SBA OHA: NAICS Code Appeals Allowed On Unrestricted Procurements

NAICS code appeals are now allowed on unrestricted procurements, so long as a change in NAICS code would affect the offeror’s size status for the procurement.

In a recent size appeal decision, the SBA Office of Hearings and Appeals confirmed that recent SBA regulatory amendments have overturned prior OHA case law prohibiting most NAICS code appeals on unrestricted procurements.

OHA’s decision in NAICS Appeal of National Electric Coil, SBA No. NAICS-5666 (2015) involved a Corps of Engineers solicitation for work at the Dworshak Dam in Idaho.  The solicitation was issued as unrestricted, under NAICS code 237990 (Other Heavy and Civil Engineering Construction), with a corresponding $36.5 million size standard.

After the solicitation was issued, National Electric Coil filed a NAICS code appeal with OHA.  NEC alleged that the Contracting Officer should have assigned NAICS code 333611 (Turbine and Turbine Generator Set Unit Manufacturing), with a corresponding 1,000-employee size standard.  NEC argued that the Corps’ chosen NAICS code was erroneous because construction represented only 16% of the value of the contract.  NEC stated that it did not qualify as a small business under a $36.5 million size standard, but did qualify as small under a 1,000 employee size standard.

The Corps argued, in part, that NEC lacked standing to appeal.  Citing prior OHA decisions, the Corps contended that NEC would not be affected by a change in the NAICS code because the solicitation had been issued as unrestricted.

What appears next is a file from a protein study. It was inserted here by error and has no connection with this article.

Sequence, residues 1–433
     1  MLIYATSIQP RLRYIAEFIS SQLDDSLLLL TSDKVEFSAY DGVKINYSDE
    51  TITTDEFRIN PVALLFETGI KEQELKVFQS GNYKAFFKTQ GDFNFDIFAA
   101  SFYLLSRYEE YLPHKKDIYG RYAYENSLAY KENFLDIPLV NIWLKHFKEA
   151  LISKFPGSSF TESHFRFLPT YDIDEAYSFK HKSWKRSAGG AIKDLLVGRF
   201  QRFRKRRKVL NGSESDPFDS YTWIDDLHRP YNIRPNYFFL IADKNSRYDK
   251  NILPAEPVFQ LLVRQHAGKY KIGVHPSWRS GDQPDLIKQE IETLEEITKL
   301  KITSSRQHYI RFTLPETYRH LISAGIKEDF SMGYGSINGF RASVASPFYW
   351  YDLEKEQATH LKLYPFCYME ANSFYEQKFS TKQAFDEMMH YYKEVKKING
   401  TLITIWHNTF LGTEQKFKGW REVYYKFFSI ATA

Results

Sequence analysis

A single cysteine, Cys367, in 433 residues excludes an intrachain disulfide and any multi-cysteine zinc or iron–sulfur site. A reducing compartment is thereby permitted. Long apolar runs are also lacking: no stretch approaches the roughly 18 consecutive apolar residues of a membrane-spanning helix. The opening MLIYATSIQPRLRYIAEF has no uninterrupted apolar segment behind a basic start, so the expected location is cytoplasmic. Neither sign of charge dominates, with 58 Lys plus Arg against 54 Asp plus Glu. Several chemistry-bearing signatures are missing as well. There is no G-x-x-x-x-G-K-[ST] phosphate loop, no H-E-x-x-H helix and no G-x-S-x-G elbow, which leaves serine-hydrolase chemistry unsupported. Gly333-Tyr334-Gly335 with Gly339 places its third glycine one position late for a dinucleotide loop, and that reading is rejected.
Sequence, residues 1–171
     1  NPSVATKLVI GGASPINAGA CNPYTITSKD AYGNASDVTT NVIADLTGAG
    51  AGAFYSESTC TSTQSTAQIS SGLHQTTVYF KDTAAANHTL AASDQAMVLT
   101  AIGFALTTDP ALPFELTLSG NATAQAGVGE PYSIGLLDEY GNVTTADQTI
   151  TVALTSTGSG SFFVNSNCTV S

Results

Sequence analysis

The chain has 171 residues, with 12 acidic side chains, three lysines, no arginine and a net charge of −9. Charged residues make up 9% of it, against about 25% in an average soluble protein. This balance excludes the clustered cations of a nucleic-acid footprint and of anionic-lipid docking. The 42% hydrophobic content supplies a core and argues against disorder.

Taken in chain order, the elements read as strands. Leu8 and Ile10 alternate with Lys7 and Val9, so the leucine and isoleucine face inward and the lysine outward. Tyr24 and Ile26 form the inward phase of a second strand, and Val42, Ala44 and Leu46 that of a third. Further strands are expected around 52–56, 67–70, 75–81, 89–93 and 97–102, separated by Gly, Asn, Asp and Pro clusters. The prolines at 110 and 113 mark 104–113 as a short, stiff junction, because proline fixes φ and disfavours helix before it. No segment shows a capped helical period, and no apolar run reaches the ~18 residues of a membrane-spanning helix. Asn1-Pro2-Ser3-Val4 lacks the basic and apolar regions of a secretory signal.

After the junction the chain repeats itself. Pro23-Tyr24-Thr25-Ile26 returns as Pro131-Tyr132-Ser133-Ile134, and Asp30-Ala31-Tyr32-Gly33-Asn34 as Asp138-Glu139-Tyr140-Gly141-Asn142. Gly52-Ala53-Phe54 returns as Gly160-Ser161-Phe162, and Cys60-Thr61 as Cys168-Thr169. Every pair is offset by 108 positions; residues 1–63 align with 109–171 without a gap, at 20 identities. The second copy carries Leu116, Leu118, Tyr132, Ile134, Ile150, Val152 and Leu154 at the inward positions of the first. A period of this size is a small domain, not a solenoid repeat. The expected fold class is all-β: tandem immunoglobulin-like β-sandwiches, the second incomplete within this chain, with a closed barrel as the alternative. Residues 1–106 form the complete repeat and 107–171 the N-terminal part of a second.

OHA rejected the Corps’ argument.  OHA wrote that “[i]t is true, as the Corps observes, that OHA historically has held” that NAICS code appeals are usually not available on unrestricted solicitations.  However, “the Corps’ motion fails to address recent amendments to 13 C.F.R. 121.1103(a)(1), which now states that [a]n interested party [for a NAICS code appeal] would include a business concern seeking to change the NAICS code designation in order to be considered a small business for the challenged procurement, regardless of whether the procurement is reserved for small business or unrestricted.”

In this case, OHA noted, NEC “asserts that it is not a small business under NAICS code 237990, but is a small business under NAICS code 333611; thus [NEC] seeks to be considered a small business for the instant procurement, and would appear to have standing under 13 C.F.R. 121.1103(a)(1), notwithstanding that the procurement is unrestricted.”  OHA denied the Corps’ motion to dismiss.  Unfortunately for NEC, though, it won the battle but lost the war; OHA ultimately held that the Corps had chosen the correct NAICS code.

Three years ago, I applauded the SBA for proposing to permit NAICS code appeals on unrestricted procurements.  That proposed change was adopted, and as the National Electric Coil case demonstrates, is now in effect.

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